Donaghadee Lighthouse


Donaghadee Lighthouse in County Down on Ireland’s north east coast.

A4 (210 x 297mm) : 250g/m² archival art paper

A3 (297 x 420mm) : 250g/m² archival art paper

Artist: Roger O’Reilly

The artist signs each poster.

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A Bit of History

Donaghadee is the nearest port to Scotland and in early times was the main landing point in Northern Ireland for travellers from Britain.

Trade across the Irish Sea was based on the Packet Service and in 1626 a harbour was built to facilitate the boats that worked between Donaghadee and Portpatrick, only 35 kilometres away. This however was superseded by the Larne -Stranraer route and Donaghadee fell into decline.

The foundation stone of a new port was laid by the Marquis of Downshire on 1 August 1821. This new improved harbour consists of two independent piers running north-westwards out to sea; parallel nearer the shore, they converge at the outer ends to form a harbour mouth 46 metres wide.

The lighthouse was established in 1836 with a fixed character, that is non-flashing, showing red mainly to seaward and white over the harbour and towards Belfast Lough. The tower is built of cut limestone, fluted, and in its early days was left unpainted in its natural grey colour. Today the tower, including the lantern and dome, is painted white with a black plinth, a decision which was taken some time between 1869 and 1875.

Back at the dawn of the 20th century, the steamship companies were in aggressive competition with each other over their various routes. In order to get their passengers to their destinations in the quickest possible time, many corners were shaved.

One of these involved taking a short cut through Donaghadee Sound instead of the longer, but safer route around Mew Island. Three of the Belfast Steam Company’s ships almost came undone as they struck a “very hard underwater obstruction”- probably uncharted rocks- while using the sound. The Marine superintendent refused to light the buoys in the Sound as he reasoned that it would just encourage more vessels to attempt the short cut. However after his initial refusal, estimated were sought for the cost of illuminating the buoys, but in wasn’t until three years later in 1910, that they were actually lighted.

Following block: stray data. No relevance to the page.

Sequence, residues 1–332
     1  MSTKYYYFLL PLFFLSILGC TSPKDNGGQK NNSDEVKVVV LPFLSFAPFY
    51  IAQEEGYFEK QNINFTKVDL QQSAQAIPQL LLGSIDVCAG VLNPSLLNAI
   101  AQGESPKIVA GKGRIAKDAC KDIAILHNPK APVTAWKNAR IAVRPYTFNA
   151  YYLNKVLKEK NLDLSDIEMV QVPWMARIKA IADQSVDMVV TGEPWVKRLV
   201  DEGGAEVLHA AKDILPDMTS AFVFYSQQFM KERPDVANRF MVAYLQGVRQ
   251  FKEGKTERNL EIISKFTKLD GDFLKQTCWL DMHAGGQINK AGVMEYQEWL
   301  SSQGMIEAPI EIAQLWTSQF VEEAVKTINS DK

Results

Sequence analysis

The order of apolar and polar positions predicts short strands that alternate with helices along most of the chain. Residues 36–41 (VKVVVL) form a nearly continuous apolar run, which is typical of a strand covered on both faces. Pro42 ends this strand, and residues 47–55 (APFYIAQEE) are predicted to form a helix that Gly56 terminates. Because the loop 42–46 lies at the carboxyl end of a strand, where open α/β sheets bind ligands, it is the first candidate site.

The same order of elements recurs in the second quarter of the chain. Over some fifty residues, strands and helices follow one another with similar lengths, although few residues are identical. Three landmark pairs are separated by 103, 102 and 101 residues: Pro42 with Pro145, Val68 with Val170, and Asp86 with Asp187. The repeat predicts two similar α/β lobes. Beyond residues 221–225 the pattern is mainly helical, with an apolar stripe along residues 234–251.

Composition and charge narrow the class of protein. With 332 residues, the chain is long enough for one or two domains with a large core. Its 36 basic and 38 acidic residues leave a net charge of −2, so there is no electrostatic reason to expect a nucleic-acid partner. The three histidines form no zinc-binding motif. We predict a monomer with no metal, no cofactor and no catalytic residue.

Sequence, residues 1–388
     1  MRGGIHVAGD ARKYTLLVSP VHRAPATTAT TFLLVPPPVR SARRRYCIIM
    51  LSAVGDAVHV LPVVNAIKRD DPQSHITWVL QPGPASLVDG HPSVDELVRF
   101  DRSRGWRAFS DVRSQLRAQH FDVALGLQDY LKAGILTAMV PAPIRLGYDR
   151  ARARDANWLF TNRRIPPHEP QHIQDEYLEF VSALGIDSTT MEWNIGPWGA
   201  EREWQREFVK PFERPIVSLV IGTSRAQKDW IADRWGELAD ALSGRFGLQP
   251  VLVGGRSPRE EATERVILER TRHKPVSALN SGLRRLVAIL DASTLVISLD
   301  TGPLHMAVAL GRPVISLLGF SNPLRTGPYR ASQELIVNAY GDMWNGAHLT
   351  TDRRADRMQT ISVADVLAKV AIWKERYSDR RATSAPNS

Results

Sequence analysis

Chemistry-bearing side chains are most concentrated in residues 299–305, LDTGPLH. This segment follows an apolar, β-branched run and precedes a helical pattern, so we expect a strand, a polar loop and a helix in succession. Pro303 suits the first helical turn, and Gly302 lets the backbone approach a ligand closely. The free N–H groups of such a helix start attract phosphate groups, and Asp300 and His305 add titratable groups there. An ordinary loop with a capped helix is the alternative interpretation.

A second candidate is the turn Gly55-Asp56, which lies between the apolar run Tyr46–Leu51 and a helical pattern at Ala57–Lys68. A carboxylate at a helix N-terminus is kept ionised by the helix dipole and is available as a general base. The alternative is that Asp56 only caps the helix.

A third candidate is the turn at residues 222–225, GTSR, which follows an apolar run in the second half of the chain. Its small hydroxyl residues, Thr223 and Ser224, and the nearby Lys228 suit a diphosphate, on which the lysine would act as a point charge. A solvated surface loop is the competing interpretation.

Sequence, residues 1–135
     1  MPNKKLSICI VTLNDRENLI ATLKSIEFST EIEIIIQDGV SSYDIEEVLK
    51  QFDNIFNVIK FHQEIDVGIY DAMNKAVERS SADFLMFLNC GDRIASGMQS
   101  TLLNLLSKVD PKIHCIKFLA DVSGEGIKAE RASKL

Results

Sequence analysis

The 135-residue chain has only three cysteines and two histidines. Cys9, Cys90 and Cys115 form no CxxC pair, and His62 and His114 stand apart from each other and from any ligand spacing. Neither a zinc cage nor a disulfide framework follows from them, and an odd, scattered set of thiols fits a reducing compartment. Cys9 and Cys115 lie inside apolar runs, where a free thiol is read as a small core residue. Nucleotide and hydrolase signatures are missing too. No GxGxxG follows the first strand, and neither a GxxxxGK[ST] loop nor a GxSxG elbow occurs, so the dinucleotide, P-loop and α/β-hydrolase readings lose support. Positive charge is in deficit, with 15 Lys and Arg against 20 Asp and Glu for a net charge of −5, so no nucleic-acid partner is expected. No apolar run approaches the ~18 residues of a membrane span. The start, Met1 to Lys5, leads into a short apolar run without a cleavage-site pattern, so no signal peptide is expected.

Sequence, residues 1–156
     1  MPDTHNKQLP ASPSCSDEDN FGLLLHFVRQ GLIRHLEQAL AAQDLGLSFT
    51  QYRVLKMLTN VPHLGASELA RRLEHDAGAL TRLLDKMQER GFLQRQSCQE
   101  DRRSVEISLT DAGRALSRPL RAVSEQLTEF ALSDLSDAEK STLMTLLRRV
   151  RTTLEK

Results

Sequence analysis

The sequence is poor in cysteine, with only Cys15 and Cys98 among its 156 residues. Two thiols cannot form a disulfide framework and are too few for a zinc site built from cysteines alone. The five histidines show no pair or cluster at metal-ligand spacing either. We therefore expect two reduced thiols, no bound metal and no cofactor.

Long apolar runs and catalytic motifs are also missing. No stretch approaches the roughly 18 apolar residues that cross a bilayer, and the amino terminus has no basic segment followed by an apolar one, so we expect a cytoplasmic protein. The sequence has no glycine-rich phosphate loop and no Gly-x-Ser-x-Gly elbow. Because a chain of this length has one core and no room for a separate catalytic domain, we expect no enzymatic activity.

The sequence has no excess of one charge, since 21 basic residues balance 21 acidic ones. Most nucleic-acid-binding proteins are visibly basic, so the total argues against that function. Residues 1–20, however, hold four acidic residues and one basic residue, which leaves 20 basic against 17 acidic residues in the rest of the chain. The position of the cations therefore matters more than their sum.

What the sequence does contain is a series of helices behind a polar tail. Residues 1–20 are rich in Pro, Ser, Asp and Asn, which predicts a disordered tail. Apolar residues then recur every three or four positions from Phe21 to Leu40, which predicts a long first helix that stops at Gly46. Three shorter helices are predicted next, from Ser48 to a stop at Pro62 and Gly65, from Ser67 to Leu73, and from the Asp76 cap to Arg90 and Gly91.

Donaghadee has the distinction of being the first Irish lighthouse to be converted to electric in 1934. Chaine Tower at Larne followed the next year and Tuskar in 1938.

Location:     54°38.707′ North, 05°31.860′ West.

Elevation:    17 m

Character:   ISO WR 4s

Range:         W: 31 km. R:24 km.

A Note from the Artist

Donaghadee is one of those handsome medium-sized harbours that are a pleasure to just spend a morning exploring. I got there early with my sketchbook to find the lifeboat in the harbour. The Trent class lifeboat looks very similar to the Severn but is slightly smaller and sits here beneath the elegant fluted limestone lighthouse.



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